HearUSA Performs More Than 1,000 Screenings for The Cause
West Palm Beach, FL - October 8, 2010 - Thirty-six million Americans have hearing loss. One in three developed hearing loss as a result of exposure to loud sounds, causing noise-induced hearing loss (NIHL).
"NIHL is caused by damage to the hair cells that are found in our inner ear. Hair cells are small sensory cells that convert the sounds we hear (sound energy) into electrical signals that travel to the brain," explains Dr. Cindy Beyer, senior vice president of HearUSA (NYSE AMEX:EAR), one of the nation's largest hearing care companies. "Once damaged, our hair cells cannot grow back, causing permanent hearing loss."
Most Americans consider hearing loss to be associated with aging and do not recognize the serious nature of the condition or who is qualified to diagnose and treat the condition. In response to the growing number of Americans suffering from hearing loss and the increased danger of NIHL, HearUSA is joining the American Academy of Audiology in support of National Audiology Awareness Month this October.
"To show our support for this initiative, we participated in AARP's Orlando@50+ annual gathering at the Orange County Convention Center from September 30 to October 2," said Dr. Beyer. "At this large consumer event, AARP hosted nearly 25,000 seniors aged 50-plus, which featured an array of life enhancing products and services.
"We conducted educational seminars, participated in healthcare panels, provided demonstrations on the latest hearing healthcare products, and with our portable booth, screened more than 1,000 AARP members. We were encouraged by the response of the members, and look forward to raising the awareness of NIHL and the importance of hearing healthcare throughout the month."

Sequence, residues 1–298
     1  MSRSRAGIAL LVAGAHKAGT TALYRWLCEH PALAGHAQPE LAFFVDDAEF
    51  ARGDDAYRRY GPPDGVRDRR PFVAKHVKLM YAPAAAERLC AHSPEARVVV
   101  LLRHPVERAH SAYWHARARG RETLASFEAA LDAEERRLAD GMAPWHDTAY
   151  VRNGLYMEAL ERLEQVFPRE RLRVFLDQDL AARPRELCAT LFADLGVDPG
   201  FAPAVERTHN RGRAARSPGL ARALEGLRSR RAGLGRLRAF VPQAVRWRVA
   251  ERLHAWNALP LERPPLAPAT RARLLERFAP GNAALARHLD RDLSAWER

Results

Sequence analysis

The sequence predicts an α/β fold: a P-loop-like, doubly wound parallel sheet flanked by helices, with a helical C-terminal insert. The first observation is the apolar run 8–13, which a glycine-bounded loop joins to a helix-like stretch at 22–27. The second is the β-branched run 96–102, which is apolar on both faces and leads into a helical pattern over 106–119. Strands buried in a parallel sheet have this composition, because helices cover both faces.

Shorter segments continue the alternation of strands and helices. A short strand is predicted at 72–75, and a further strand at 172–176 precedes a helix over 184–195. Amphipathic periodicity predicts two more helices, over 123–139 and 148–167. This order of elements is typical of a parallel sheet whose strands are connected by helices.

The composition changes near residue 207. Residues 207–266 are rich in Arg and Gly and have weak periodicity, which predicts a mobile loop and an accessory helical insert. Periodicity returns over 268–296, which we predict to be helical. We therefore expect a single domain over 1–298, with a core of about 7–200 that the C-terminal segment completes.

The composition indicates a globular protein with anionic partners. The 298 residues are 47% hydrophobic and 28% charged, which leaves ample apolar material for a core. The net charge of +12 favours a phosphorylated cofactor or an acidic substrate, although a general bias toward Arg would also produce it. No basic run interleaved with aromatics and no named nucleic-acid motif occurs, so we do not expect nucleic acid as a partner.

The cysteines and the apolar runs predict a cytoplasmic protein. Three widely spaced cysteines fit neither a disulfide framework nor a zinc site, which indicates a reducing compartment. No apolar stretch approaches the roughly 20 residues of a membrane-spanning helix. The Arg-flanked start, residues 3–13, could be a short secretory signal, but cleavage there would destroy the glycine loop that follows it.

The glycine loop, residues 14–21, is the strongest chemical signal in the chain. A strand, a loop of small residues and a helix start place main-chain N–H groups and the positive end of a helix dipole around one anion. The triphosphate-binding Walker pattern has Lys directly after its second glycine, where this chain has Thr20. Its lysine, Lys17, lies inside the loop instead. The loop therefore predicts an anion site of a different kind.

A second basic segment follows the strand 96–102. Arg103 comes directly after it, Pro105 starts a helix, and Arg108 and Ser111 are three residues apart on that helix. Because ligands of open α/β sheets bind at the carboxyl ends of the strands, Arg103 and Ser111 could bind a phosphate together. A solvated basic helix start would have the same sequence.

If you have trouble hearing conversation in a noisy environment such as a restaurant, are unable to hear people talk to you without looking at them, or have a constant ringing in your ears, you may have a problem with your hearing and need to see an audiologist.
An audiologist is a doctoral-level health-care professional who specializes in evaluating, diagnosing, and treating people with hearing loss and balance disorders. The first step in identifying a hearing problem is a hearing evaluation by an audiologist.
HearUSA (NYSE AMEX:EAR) is the recognized leader in hearing care for the nation's top managed care organizations through its network of more than 2,000 hearing care providers and 178 company-owned centers. HearUSA is the nation's only hearing care network accredited by URAC, an independent, nonprofit health care accrediting organization dedicated to promoting health care quality through accreditation, certification and commendation. HearUSA is also the administrator of the AARP Hearing Care Program, designed to help millions of Americans aged 50+ who have untreated hearing loss.
For more information about HearUSA visit www.hearusa.com.